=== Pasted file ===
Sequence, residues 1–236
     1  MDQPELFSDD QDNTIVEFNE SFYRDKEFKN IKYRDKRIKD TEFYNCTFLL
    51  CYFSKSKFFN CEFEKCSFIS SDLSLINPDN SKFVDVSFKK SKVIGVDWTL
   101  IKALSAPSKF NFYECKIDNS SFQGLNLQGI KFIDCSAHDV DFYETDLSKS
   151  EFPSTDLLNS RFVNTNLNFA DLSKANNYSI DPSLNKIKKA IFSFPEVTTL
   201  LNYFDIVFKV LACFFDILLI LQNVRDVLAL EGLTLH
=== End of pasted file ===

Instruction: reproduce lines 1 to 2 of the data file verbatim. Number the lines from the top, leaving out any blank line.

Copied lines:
Sequence, residues 1–236
     1  MDQPELFSDD QDNTIVEFNE SFYRDKEFKN IKYRDKRIKD TEFYNCTFLL